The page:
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Rayland Baxter with Bendigo Fletcher

Doors: 7 PM | Show: 8 PM | 18+ only with valid ID 

Thoreau had Walden Pond. Kerouac had Big Sur. Rayland Baxter? He had an old rubber
band factory in Franklin, Kentucky, and it suited him just fine. As one of the hardest-
touring artists on the road today, Baxter’s spent most of his professional life in transit,
but ever since he was a kid, he dreamed of creative seclusion someplace lonely and
isolated, somewhere he could sit still and devote his every waking hour to writing
without interruption or distraction. When the opportunity finally presented itself in
late 2016, the Nashville native pounced.


“I packed everything in my van and moved to Franklin for three months,” says Baxter.
“It was the fist time I ever got to be alone and focus solely on songs like that. All I did
was write, write, write all day every day. I was obsessed.”


By the time Baxter emerged, he’d penned more than 50 tunes and crafted a detailed
blueprint for his spectacular new album, ‘Wide Awake.’ Deftly produced by Butch
Walker, the record infuses Baxter’s easygoing, soulful sound with British Invasion
melodies and rock and roll swagger, marrying lean, muscular songwriting with
adventurous, inventive arrangements. It’s a cutting, insightful collection, one that
takes a sardonic view the violence, greed, and division that seem to define the
modern American landscape. Rather than point a finger, though, the music holds up a
mirror, offering a sober reflection of the times thoughtfully bundled in bright,
infectious hooks. There’s no judgment here, only keen observation, and Baxter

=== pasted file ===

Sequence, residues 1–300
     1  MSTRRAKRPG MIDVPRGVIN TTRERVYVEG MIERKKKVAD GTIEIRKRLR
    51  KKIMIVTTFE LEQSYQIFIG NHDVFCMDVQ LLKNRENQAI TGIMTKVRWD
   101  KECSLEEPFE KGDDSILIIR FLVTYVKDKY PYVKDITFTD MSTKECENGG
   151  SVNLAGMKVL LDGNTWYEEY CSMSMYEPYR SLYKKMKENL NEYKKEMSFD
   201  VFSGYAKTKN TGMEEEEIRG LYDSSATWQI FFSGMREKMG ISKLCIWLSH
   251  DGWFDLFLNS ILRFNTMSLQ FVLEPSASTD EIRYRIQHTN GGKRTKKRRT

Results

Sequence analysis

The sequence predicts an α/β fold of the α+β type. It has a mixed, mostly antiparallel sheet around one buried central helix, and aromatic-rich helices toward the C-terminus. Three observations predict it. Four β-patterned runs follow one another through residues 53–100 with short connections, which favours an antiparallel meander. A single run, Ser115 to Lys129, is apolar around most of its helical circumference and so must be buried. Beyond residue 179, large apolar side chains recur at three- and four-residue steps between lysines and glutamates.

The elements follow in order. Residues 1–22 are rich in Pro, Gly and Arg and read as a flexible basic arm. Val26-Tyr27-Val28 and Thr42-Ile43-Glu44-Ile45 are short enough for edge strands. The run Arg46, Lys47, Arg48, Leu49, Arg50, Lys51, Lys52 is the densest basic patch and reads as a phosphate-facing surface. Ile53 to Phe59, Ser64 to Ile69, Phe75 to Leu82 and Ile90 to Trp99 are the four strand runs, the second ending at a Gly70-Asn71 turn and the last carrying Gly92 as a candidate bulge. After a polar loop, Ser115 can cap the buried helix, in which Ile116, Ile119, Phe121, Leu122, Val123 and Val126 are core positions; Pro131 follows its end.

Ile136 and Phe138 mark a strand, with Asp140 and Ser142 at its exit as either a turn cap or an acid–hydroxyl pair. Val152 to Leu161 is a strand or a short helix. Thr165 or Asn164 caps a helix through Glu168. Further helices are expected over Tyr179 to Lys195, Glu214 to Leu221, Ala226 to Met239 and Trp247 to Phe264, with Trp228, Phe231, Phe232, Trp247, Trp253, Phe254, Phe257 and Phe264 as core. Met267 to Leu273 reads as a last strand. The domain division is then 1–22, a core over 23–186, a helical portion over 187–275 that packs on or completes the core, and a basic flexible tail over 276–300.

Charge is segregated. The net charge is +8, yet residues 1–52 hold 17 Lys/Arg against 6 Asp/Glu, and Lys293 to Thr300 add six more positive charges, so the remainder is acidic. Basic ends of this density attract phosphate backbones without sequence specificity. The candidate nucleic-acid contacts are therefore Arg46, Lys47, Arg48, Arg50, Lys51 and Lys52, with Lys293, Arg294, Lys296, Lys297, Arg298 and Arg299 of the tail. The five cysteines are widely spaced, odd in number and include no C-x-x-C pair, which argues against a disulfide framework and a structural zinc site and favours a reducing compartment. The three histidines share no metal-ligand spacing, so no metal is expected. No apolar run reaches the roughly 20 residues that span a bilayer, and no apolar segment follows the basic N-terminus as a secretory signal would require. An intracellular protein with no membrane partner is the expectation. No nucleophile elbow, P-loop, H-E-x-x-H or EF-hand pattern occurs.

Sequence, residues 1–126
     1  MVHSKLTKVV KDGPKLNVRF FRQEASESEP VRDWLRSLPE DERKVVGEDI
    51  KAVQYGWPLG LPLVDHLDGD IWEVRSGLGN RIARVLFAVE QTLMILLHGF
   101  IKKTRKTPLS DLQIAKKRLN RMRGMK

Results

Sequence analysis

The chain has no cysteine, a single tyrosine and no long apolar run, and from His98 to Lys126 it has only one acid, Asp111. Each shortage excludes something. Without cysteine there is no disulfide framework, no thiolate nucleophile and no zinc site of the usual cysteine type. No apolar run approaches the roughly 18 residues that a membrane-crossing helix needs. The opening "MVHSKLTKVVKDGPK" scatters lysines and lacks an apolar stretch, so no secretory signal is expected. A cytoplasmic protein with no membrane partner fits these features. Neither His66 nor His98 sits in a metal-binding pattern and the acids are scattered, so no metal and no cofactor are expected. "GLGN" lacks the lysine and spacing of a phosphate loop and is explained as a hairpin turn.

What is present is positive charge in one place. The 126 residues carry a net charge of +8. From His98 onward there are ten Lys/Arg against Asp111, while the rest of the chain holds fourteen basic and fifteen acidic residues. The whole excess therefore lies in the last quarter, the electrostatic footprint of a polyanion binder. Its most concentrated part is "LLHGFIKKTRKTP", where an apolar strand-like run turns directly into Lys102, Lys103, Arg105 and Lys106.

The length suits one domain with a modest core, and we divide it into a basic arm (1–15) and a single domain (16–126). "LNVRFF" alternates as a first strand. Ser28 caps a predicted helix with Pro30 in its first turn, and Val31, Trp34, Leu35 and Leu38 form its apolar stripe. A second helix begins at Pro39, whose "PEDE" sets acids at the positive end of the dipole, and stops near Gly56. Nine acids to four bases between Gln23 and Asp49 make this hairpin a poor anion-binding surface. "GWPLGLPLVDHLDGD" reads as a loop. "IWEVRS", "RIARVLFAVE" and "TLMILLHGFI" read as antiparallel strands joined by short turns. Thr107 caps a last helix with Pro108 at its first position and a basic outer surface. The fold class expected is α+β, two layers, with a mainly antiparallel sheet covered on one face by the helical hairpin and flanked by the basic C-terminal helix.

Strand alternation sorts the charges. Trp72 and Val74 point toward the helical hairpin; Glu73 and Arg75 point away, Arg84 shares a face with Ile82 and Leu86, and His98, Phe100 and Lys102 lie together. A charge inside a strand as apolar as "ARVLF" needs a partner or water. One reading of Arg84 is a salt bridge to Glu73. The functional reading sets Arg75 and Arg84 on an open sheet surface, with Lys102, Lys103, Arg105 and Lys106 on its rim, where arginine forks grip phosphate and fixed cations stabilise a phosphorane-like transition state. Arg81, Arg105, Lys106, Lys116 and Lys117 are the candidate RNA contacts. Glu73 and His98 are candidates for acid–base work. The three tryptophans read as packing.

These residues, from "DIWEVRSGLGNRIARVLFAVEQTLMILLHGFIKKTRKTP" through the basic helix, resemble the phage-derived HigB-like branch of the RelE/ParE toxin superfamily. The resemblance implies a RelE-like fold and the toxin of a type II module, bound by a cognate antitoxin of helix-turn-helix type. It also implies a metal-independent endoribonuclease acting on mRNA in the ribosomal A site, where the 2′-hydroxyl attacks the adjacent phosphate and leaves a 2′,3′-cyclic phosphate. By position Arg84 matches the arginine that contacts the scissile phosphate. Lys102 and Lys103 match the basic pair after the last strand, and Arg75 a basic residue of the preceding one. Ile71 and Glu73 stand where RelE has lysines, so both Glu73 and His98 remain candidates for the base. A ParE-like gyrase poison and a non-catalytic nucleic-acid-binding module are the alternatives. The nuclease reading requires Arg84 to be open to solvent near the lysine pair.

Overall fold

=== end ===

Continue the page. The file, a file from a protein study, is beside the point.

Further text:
implicates himself as much as his neighbor through it all.


“This is an album about decision making,” he explains. “It’s about being a human at
the crossroads. Do I do good or do I do evil? Do I lie or do I tell the truth? Am I going to
be happy or am I going to be sad? All of these questions and emotions are things I see
in myself, and they’re the same things I see in everyone else no matter where I go.”
Baxter’s built a career on capturing those sorts of timeless, deeply human sentiments,
bringing colorful characters to vivid life with equal parts humor and pathos. His debut
album, ‘feathers & fishhooks,’ was a critical hit praised by Interview for its “well-worn
maturity,” while NPR described “Yellow Eyes,” the lead single from his 2015 follow-
up, ‘Imaginary Man,’ as “close-to-perfect.” Stereogum dubbed the record “an
impeccable sophomore break-out,” and Rolling Stone hailed its pairing of “whimsical
narrative with often deceptively complex arrangements.” The music earned Baxter
festival appearances from Bonnaroo to Newport Folk in addition to tours with an
astonishing array of artists, including Jason Isbell, The Lumineers, Kacey Musgraves,
The Head and The Heart, Shakey Graves, Lauryn Hill, and Grace Potter.


“The six months leading up to the release of ‘Imaginary Man,’ that was the first time I
really started playing electric guitar and performing with a band,” says Baxter. “We
did my first headline run and toured that album for a year-and-a-half, and the
experience really opened up this whole new sound for me. It helped me figure out
more of who I was as an artist and a songwriter and a traveler and a human being.”
It was with that newfound sense of self that Baxter entered Thunder Sound, the